Bush, Putin at odds over NATO expansion, missile defense during long goodbye
Bush saw the outgoing Russian president Friday here at a NATO-Russia Council meeting amid new Washington-Moscow tensions.
In all, Bush was to be face-to-face with Putin at least three times in three days, wrapping up a leader-to-leader relationship that has lasted nearly a decade. With Putin leaving office next month, their meeting at Putin’s vacation home at the Russian Black Sea resort of Sochi on Saturday and Sunday will likely be their last as leaders.
Bush went into the first of the discussions a day after having won NATO backing to install a missile shield in the former Soviet eastern European satellites of Poland and the Czech Republic over Russian objections.
Secretary of State Condoleezza Rice called it a “breakthrough agreement” for the military alliance, and it was sugarcoated by the announcement of a U.S. deal with the Czech Republic to host a radar site vital to the missile defense system.
But Bush lost, at least for the moment, a highly public spat over opening the door to NATO membership to Ukraine and Georgia, which Putin vehemently opposes. Instead of the immediate start to that process that he wanted, Bush got a written commitment from the allies, including Germany and France, which shared Russian concerns, that the two nations will become NATO members at some point. Bush plans to continue to press the matter before his second term expires in January.
A senior Russian diplomat said NATO’s pledge of eventual membership to Ukraine and Georgia had badly soured ties between the alliance and Moscow. “A culture of searching for solutions on the basis of taking mutual interests into account has been lost,” Sergei Ryabkov, chief of the Russian Foreign Ministry’s department for European cooperation, told reporters in Bucharest before the meeting between Putin and NATO’s 26 leaders, including Bush.
Russia also remains deeply worried by the alliance’s support for the U.S. missile shield.
“We can’t sit aside and watch how they rubber-stamp decisions made by other people changing security situation for Russia,” Ryabkov said.
Tensions even erupted over how the NATO-Russia meeting was conducted. The Kremlin’s spokesman, Dmitri S. Peskov, complained that television coverage of the session ended before Putin spoke, denying the Russian leader a chance to speak publicly, unlike a NATO-Ukraine meeting earlier Friday.
But Ryabkov emphasized that Russia had something to offer NATO despite the differences. Moscow struck a deal to allow the military alliance to ship non-lethal freight across Russia to NATO forces fighting in Afghanistan. “We work in a pragmatic way and continue to cooperate with NATO in areas where our interests are close or coincide,” Ryabkov said.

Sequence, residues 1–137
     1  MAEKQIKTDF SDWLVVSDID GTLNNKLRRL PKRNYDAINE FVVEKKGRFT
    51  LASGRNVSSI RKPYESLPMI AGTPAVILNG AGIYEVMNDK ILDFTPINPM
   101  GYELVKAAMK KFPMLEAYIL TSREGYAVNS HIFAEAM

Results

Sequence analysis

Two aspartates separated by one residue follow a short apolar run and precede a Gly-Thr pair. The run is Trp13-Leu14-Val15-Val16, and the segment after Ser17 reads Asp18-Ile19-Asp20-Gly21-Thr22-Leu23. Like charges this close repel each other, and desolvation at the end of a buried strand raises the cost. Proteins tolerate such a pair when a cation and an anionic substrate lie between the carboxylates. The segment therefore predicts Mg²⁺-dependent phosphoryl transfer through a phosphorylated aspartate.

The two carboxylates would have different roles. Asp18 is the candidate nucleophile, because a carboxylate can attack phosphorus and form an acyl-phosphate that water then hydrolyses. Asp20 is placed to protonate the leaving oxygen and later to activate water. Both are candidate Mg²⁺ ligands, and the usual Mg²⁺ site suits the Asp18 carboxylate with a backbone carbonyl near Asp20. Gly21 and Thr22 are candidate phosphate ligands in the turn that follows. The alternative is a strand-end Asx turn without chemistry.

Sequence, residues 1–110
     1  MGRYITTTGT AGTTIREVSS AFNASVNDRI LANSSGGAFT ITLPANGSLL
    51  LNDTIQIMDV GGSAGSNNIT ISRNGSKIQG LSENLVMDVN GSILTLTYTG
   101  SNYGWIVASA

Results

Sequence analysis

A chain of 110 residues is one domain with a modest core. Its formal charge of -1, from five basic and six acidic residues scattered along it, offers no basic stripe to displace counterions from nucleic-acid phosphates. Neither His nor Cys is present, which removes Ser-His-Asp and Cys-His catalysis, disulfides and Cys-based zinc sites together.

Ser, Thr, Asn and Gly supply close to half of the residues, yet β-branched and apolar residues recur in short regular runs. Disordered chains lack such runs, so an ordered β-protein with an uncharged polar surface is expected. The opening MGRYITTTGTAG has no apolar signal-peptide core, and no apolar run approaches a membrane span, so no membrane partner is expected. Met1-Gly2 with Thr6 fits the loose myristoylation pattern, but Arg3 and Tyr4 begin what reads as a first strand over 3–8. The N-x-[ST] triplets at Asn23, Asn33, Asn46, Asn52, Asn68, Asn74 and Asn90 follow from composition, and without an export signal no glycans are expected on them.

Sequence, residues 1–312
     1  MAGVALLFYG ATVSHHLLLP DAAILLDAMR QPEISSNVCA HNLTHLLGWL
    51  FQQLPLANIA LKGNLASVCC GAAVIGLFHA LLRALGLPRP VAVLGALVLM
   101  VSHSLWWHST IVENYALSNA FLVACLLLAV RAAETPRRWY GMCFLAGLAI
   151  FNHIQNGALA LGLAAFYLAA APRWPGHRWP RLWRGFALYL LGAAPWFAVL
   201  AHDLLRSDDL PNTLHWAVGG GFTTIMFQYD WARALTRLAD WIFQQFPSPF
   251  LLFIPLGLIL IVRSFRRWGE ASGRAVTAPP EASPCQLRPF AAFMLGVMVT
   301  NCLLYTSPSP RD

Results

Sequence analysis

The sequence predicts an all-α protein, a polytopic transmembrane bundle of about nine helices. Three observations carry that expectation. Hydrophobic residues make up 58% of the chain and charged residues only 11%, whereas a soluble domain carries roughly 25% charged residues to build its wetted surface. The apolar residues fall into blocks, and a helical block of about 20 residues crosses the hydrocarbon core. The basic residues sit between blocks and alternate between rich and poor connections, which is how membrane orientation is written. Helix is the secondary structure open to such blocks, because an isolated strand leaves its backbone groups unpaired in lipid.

Both Bush and Putin are short-timers looking to burnish their legacies.
Rice said the two leaders were expected to produce “a strategic framework” to guide relations between Washington and Moscow under their successors. “Part of that has to be some discussion of missile defense,” Rice said. She stopped short of saying outright that the two leaders would find agreement on the prickly subject, though White House officials have been predicting this seemed possible, if not probable.
Russia views the system as designed to weaken its military might and upset the balance of power in Europe. Bush argues that the shield is not aimed at Russia but at Mideast countries such as Iran.
In a series of concessions, the White House has offered to let Moscow monitor the sites and promised to delay activation of the shield until Iran or another adversary tests a missile capable of reaching Europe.
Rice said the Russians indicated that those measures were viewed as “useful and important” when she and Defense Secretary Robert Gates were in Moscow last month. “We hope that we can move beyond that to an understanding that we all have an interest in cooperation on missile defense. But we will see.”
The NATO endorsement of the U.S. missile plan said “ballistic missile proliferation poses an increasing threat to allies’ forces, territory and populations. Missile defense forms part of a broader response to counter this threat.”
The statement called on NATO members to explore ways in which the planned U.S. project can be linked with future missile shields elsewhere. It said leaders should come up with recommendations to be considered at their next meeting in 2009.
Significantly, the document prodded Russia “to take advantage of United States missile defense cooperation proposals” and said NATO was “ready to explore the potential for linking United States, NATO and Russian missile defense systems at an appropriate time.”
The United States still is moving to seal an agreement with Poland, where 10 interceptor rockets would be based.